MRI/MRA

Unlike an x-ray or CT scan, which uses ionizing radiation, an MRI uses a magnetic field and radiofrequency pulses to create detailed images on a computer of internal structures in your body. We often use an MRI to diagnose problems with organs in the chest, abdomen and pelvis as well as blood vessels, lymph nodes, ligaments and tissues.

Since MRIs do not expose you to radiation, they are very safe. They are also painless and have no short-or long-term risks.

IMPORTANT: It’s critically important that you remove all metal objects and tell your doctor if you have any metal in your body (for example, a pacemaker or artificial joint). Because of the magnetic field in an MRI, metal can pose a risk.

What happens during an MRIYou will lie on a table that slides into a tube in the MRI machine. It looks like a big box with a donut hole. During the periods when we are taking images, we’ll ask you to hold very still so we get a clear picture. You’ll be able to move in between image-taking sequences.

The opening in the machine is narrow and when it’s taking images, it makes loud noises. These noises are normal. However, for some people, these aspects of the test can be stressful. If you are claustrophobic or anxious, talk to your doctor about taking a mild sedative before the procedure to help you relax. We will also give you earplugs to muffle the noise. An MRI generally lasts 15 to 60 minutes.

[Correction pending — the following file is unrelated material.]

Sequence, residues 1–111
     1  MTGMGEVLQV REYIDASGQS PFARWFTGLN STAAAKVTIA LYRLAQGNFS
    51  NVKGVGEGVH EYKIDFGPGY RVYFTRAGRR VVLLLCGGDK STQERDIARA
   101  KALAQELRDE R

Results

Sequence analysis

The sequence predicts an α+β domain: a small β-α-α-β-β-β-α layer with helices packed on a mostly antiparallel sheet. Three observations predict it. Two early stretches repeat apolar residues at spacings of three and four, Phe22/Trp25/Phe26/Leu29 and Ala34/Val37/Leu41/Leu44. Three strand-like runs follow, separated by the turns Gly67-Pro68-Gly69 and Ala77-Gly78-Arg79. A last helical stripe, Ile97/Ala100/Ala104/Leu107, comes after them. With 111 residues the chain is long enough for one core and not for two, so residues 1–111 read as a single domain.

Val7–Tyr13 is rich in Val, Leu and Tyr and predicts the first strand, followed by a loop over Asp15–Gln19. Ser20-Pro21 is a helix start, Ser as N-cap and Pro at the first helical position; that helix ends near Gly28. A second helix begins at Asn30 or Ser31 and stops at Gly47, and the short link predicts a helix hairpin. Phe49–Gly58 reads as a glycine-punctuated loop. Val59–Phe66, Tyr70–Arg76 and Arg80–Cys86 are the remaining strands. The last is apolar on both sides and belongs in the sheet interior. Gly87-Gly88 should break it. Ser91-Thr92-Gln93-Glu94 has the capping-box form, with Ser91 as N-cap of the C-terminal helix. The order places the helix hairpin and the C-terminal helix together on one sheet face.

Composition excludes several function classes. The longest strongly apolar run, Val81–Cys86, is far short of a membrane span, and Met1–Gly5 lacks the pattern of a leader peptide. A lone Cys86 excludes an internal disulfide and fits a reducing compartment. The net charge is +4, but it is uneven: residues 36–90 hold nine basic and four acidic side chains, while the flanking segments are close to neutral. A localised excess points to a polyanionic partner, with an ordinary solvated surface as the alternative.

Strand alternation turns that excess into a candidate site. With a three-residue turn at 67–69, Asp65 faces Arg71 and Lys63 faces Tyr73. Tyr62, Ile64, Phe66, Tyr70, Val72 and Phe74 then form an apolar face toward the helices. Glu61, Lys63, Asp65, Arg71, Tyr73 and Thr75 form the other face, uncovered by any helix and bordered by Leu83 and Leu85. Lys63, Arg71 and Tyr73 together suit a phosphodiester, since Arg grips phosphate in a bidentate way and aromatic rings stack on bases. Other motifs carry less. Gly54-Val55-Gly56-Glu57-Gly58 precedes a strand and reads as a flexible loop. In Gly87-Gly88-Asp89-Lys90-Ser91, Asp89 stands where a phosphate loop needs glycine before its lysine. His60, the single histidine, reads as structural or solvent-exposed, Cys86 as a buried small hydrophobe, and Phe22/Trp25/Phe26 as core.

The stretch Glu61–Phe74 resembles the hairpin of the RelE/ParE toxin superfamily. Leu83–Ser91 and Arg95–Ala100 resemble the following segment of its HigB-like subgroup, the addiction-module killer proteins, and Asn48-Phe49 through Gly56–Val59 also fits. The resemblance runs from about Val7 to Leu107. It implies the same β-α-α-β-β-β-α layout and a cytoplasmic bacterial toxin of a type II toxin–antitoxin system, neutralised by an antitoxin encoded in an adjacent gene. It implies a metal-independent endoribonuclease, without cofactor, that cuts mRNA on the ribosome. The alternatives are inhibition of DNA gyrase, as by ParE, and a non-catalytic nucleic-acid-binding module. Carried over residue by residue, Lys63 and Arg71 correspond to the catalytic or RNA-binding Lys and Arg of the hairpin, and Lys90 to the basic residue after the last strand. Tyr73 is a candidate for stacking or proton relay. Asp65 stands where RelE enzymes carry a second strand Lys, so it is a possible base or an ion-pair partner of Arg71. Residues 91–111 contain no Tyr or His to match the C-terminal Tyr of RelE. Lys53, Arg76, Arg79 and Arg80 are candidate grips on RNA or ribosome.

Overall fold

If your doctor has recommended images with a contrast agent, we’ll administer it before (during?) the scans. Usually, we use gadolinium, which does not have iodine, so most people are not at risk for an allergic reaction.

Radiology Associates of Richmond performs MRIs on both patients’ heads and body. We also perform MR angiography to evaluate blood vessels and help diagnose abnormalities, such as plaque in your arteries (atherosclerosis).

After your procedure, Radiology Associates of Richmond will interpret your test results and then send your physician a report so he or she can discuss your results and next steps with you.